6. I value the internet for a number of things. I’ve never participated in anything but this blog. No other social media and zero interest. I am glad however that my mom, as a full-time caretaker for my dad, has access to Facebook and FaceTime to stay more connected to her kids and sisters. In general though I think, and I think there is ever growing documentation for this, the internet has more and more severed the warmth and touch of personal interaction. Suicide numbers among young girls, of all people, have been rising substantially. Boys as well. That’s disturbing and is symptomatic of isolation. This has been discussed before but it really struck home with the recent story of Alexandra Valora. It seemed to be about having to live up to a perfect and unattainable ideal that had gotten into her head but the weirdness of the blaring internet world is a factor that must be dicussed, particularly and especially in the general rise in numbers.

  7. johnbarry says

    The internet has not led me to feel that I should kill myself but unfortunately I think it has led us to feel that they should kill me by benign neglect. I am joking as it is pretty obvious that I am certainly not trying to live up to any from of perfection, average is my goal and someday I will attain it

    I do think the internet in many ways is Shelly’s Frankenstein monster and I blame Al Gore.

    • You and I are on the same plane with our life’s goals. I also am ambitious to attain a solid and sustainable averageness.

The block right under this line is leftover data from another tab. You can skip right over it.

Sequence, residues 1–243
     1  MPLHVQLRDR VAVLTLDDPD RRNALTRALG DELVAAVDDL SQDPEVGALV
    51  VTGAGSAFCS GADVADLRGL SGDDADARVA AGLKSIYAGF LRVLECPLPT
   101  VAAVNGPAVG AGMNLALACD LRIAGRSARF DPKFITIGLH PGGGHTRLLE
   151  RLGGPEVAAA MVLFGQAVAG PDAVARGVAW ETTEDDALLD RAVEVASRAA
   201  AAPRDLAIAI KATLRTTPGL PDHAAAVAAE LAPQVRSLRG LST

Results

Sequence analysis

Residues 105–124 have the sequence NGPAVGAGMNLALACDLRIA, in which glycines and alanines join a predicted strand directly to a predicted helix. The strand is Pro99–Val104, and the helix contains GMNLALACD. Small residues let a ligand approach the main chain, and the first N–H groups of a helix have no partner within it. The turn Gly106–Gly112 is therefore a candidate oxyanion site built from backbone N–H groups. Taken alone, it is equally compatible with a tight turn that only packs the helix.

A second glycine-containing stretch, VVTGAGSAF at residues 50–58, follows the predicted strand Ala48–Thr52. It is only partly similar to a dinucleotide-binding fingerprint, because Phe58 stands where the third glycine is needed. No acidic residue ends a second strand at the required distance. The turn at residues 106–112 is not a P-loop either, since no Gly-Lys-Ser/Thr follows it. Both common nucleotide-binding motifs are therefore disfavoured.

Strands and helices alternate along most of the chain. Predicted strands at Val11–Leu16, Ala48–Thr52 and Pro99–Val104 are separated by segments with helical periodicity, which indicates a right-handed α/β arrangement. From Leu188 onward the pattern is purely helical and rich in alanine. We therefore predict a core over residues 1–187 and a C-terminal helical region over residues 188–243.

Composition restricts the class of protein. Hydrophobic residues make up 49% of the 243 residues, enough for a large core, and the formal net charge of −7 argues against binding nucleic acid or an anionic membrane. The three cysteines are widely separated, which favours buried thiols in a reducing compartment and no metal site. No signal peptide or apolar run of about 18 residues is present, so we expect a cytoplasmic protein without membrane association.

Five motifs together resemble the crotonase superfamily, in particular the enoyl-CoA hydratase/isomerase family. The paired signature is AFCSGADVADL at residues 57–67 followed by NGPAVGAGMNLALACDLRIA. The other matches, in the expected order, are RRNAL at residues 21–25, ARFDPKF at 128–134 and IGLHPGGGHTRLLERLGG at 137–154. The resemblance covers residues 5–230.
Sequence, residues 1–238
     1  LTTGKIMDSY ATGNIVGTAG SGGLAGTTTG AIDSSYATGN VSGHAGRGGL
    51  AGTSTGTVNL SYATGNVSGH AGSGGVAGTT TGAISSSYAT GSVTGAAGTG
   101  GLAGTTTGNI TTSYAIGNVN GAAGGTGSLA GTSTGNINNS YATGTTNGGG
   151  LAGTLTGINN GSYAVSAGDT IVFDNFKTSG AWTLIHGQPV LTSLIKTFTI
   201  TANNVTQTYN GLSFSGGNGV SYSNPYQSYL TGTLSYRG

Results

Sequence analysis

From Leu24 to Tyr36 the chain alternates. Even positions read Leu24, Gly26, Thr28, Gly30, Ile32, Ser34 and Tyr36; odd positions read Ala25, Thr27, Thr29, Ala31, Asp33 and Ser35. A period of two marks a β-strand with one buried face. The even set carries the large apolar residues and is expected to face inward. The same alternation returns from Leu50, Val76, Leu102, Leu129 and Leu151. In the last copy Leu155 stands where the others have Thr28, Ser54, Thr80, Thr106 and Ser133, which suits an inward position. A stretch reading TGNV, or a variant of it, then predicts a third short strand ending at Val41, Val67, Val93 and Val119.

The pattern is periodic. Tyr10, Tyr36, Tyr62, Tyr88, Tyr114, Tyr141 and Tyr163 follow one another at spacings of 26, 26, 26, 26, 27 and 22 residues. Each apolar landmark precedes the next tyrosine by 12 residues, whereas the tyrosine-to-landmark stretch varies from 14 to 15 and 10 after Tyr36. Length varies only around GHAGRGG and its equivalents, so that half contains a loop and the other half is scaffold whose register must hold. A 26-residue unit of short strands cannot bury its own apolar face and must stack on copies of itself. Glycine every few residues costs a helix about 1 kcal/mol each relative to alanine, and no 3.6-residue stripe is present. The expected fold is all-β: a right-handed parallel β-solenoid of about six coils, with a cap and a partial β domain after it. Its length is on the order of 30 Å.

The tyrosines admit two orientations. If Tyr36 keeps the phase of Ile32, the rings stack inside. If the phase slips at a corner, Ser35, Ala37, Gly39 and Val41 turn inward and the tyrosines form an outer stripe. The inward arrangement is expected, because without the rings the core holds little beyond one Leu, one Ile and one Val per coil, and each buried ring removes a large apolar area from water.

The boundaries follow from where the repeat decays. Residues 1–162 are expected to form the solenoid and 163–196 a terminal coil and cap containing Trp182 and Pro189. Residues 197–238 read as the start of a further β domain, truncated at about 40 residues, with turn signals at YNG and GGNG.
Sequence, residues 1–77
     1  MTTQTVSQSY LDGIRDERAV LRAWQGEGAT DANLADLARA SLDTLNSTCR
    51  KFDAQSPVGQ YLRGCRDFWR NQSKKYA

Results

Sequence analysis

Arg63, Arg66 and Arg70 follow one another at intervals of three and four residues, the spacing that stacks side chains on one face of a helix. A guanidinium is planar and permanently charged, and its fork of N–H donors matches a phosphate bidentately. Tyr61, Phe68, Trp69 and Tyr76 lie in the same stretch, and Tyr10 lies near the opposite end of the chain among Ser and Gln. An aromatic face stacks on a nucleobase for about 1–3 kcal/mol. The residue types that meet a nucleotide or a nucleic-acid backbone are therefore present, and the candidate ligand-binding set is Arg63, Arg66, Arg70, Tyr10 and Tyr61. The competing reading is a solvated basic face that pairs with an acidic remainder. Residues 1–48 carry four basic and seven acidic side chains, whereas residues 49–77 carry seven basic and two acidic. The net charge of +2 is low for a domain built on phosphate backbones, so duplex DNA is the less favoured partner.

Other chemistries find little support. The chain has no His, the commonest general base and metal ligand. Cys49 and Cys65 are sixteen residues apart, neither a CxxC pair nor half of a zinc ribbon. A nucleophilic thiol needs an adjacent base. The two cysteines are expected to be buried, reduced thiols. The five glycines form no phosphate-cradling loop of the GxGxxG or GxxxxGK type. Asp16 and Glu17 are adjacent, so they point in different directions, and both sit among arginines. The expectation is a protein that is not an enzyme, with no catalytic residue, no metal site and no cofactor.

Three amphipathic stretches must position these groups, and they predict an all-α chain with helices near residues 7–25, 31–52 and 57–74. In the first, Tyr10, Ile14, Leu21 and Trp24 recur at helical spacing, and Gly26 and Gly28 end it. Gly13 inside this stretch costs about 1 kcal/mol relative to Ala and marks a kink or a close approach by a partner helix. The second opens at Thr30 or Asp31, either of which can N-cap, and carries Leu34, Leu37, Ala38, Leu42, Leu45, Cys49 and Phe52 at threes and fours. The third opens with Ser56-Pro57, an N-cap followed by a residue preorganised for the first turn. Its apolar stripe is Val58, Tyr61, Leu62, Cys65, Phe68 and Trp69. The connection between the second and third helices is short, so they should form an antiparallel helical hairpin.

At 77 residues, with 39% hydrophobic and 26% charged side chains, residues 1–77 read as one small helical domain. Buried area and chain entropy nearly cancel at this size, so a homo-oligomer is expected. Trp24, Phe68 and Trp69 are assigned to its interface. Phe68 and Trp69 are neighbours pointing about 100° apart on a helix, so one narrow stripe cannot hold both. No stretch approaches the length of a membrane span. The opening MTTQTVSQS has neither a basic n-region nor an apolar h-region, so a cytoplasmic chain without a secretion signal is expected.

8. johnbarry says

    I meant others not us and I blame the internet and Al Gore for my typo. Still striving for average .

  9. Steve Newell says

    “Christians are so susceptible to media gullibility that it’s frightening.” is the best line. It was true in 2009 and it’s even more true today.

    • +1, and a bit more.

    • Christiane says

      well, look at the growth of Pat Robertson’s empire since the 60’s/70’s . . . . . and my goodness, if that many people could fall for that man’s spiel, then maybe it’s not so much ‘media gullibility’ as watching a huckster figure out what people want to hear and then giving it to them in large doses for which they will be grateful enough to ‘send money’

      just watching religious television shows us a cast of characters who would be at home right out of Southern gothic, so weird, so obviously phony, so undeniably insincere, and yet people ‘send money’

      my godmother did, may she rest in peace, because she looked only for the good in people and excused what she could . . . . she died crippled, because twenty years before her death, she would collect bottles and cans along the highway and sell them for a little case to send to her favorites . . . a car came along and hit her, and she didn’t walk after that . . . . we called the ‘700 Club’ to let them know that one of their long-time faithful donors was in hospital and might benefit from a visit, but we were told ‘we don’t do that sort of thing’ and the person hung up.

      So, she passed, that good and generous soul, and if I criticize those who follow these charlatans, I am unable to look myself in the mirror because I know people NEED to find hope where it can be found, even among the greedy, the hucksters, the politically-oriented manipulators . . . even there. My godmother trusted. She was a victim, not a party to something that will be confronted on ‘the day of the Lord’.

      I see these television ministers as leeches on the pain of the old people, yes. It breaks my heart.

      • Headless Unicorn Guy says

        My godmother trusted. She was a victim, not a party to something that will be confronted on ‘the day of the Lord’.

        And she may be one of the ones who rises up to confront them on that Day.

  10. This could only have been written by a straight white man

    • Headless Unicorn Guy says

      How about a blind black lesbian in a wheelchair from the third world?

      (My old Dungeonmaster worked temp at the Census Bureau in either 1980 or 1990. One of his co-workers was “a blind black lesbian” who had a sense of humor about the whole situation: “Just call me ‘Quota’.”)